Osbourne Ruddock (aka King Tubby) is one of the most beloved figures of reggae culture and is still considered its premier production technician. His innovations in dub are well documented, and fans speculate endlessly about what he might have accomplished had his life not been tragically cut short in 1989. His Waterhouse studio gave a start to countless musicians, producers and engineers, including King Jammy and Hopeton Brown (aka Scientist). When Tubby’s former apprentice, Jammy, capitalized on a Casio MT-40 preset and made “Sleng Teng”, Tubby enlisted the same keyboardist: Noel Davey. Together with rising star Anthony Red Rose and Steve Monk, they wrote a brand new composition they named “Tempo”. The intro features the King Tubby trademark of vocals paired with a stripped-down bassline. “Sleng Teng” was the prototype, but “Tempo” has the master reminding the student who’s boss. Of course, the “Tempo” rhythm became so big that King Jammy made his own version of it.
King Jammy “Tonight” (1987 Jammy’s)
Eccleton Jarrett’s “Turn On The Heat” is one of my all-time favorite dancehall songs to use King Jammy’s “Tonight” rhythm. There are many other great versions, and I suggest hearing as many of them as possible. Listen to Cocoa Tea’s “Young Lover” or “Girl Go Home” then Wayne Wonder’s “Saddest Day of My Life” (produced by Donovan Germain) to see the progress of this riddim as it was brought back in the 1990s and again in the early 2000s.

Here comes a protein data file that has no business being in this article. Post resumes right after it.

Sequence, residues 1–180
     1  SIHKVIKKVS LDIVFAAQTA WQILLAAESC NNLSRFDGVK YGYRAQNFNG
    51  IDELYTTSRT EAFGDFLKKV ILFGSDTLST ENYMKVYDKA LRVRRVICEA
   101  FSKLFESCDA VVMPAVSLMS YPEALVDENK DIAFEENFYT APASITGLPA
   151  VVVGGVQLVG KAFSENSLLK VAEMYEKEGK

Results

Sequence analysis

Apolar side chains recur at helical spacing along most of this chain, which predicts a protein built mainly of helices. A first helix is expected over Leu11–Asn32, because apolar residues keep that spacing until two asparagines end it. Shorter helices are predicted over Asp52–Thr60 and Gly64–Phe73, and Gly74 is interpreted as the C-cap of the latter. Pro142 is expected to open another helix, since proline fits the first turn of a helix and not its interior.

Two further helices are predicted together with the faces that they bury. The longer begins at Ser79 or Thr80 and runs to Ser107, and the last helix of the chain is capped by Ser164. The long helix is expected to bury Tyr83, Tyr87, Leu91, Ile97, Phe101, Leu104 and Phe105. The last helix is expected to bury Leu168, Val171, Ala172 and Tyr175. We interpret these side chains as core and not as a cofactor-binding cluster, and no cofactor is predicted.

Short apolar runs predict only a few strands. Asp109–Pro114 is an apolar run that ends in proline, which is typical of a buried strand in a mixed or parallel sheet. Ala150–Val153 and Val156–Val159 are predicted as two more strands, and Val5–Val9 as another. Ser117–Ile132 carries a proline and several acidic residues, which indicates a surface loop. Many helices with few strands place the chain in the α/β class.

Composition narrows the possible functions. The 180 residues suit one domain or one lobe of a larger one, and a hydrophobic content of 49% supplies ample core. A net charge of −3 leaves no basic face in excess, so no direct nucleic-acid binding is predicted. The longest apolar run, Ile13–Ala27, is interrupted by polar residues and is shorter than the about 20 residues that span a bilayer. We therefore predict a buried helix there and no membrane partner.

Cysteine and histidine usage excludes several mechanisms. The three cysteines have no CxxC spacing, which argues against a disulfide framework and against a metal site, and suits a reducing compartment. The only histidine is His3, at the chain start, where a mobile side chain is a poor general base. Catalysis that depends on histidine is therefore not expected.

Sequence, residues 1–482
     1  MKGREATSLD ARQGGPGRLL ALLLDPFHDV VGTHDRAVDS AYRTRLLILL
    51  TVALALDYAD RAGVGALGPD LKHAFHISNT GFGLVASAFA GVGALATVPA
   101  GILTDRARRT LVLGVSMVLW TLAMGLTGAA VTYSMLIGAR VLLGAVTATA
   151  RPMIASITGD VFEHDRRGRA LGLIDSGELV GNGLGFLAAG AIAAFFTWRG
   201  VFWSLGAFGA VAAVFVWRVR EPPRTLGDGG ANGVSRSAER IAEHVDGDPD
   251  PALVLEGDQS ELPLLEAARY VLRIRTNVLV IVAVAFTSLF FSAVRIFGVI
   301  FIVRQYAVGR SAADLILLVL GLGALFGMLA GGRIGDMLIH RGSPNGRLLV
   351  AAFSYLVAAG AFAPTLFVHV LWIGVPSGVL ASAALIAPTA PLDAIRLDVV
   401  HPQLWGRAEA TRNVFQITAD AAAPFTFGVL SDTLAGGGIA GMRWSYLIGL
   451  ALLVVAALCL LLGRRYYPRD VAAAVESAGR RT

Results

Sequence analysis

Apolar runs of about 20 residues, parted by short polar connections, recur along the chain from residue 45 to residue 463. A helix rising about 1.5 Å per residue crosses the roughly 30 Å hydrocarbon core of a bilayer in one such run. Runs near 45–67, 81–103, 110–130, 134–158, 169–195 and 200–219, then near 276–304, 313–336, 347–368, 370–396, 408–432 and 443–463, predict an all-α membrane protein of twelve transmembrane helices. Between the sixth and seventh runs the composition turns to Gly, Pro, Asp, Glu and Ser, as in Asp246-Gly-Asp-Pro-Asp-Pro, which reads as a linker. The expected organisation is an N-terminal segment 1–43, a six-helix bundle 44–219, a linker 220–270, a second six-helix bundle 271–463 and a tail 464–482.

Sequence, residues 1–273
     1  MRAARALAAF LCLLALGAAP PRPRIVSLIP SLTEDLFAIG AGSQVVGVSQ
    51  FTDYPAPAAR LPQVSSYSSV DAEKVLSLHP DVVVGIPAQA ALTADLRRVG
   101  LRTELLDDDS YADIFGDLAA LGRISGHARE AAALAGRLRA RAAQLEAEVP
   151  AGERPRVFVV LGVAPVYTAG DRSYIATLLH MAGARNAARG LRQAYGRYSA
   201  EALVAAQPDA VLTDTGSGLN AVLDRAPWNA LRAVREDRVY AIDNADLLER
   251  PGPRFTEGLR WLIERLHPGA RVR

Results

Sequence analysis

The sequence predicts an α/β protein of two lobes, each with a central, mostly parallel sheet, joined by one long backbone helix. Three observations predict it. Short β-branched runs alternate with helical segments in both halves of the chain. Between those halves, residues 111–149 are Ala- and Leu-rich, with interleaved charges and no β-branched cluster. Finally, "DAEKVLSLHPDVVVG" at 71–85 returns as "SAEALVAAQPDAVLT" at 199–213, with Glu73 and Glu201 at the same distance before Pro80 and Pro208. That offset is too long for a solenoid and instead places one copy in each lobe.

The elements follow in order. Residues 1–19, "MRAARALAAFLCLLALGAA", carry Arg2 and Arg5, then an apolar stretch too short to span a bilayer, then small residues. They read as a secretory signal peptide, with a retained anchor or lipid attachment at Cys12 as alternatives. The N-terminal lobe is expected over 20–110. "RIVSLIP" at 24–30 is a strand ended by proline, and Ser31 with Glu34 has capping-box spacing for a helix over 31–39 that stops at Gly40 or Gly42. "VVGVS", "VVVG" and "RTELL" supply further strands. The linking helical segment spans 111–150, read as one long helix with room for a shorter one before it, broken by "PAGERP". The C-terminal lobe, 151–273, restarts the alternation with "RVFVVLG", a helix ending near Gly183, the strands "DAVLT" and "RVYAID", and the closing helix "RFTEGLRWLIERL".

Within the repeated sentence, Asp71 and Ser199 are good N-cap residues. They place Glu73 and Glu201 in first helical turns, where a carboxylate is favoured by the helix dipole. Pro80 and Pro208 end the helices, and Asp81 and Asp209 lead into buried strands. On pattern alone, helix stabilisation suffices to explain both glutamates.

Wycliffe “Steely” Johnson & Cleveland “Clevie” Browne, “Gi-Gi” (Shang 1992)
We enter the 1990s with the “Gi-Gi” rhythm, which has been remade multiple times under various names. It gets confusing, but it demonstrates again that recycling is an essential concept in dancehall culture. Perhaps the most well-known version—and the first—is Shabba Ranks’ “Ting A-Ling”, which was produced by Steely and Clevie. They brought the rhythm back again with Baby Wayne as “Mama”, and then Donovan Germain released further versions on his Penthouse label, which reworks you might recognize by the “big it up” vocal sample. In 2005 it returned as “Throw Back Giggy” by producer Craig “Leftside” Parks via Elephant Man’s monster tune “Play Hard Fi Get”. In 2009 it was versioned by Parks again as “School Bell” via the Vybz Kartel-voiced hit tune “Gaza Ting A Ling”. A 2013 version resurrected it one more time via TJ Records and Teetimus as “Toasted Riddim”.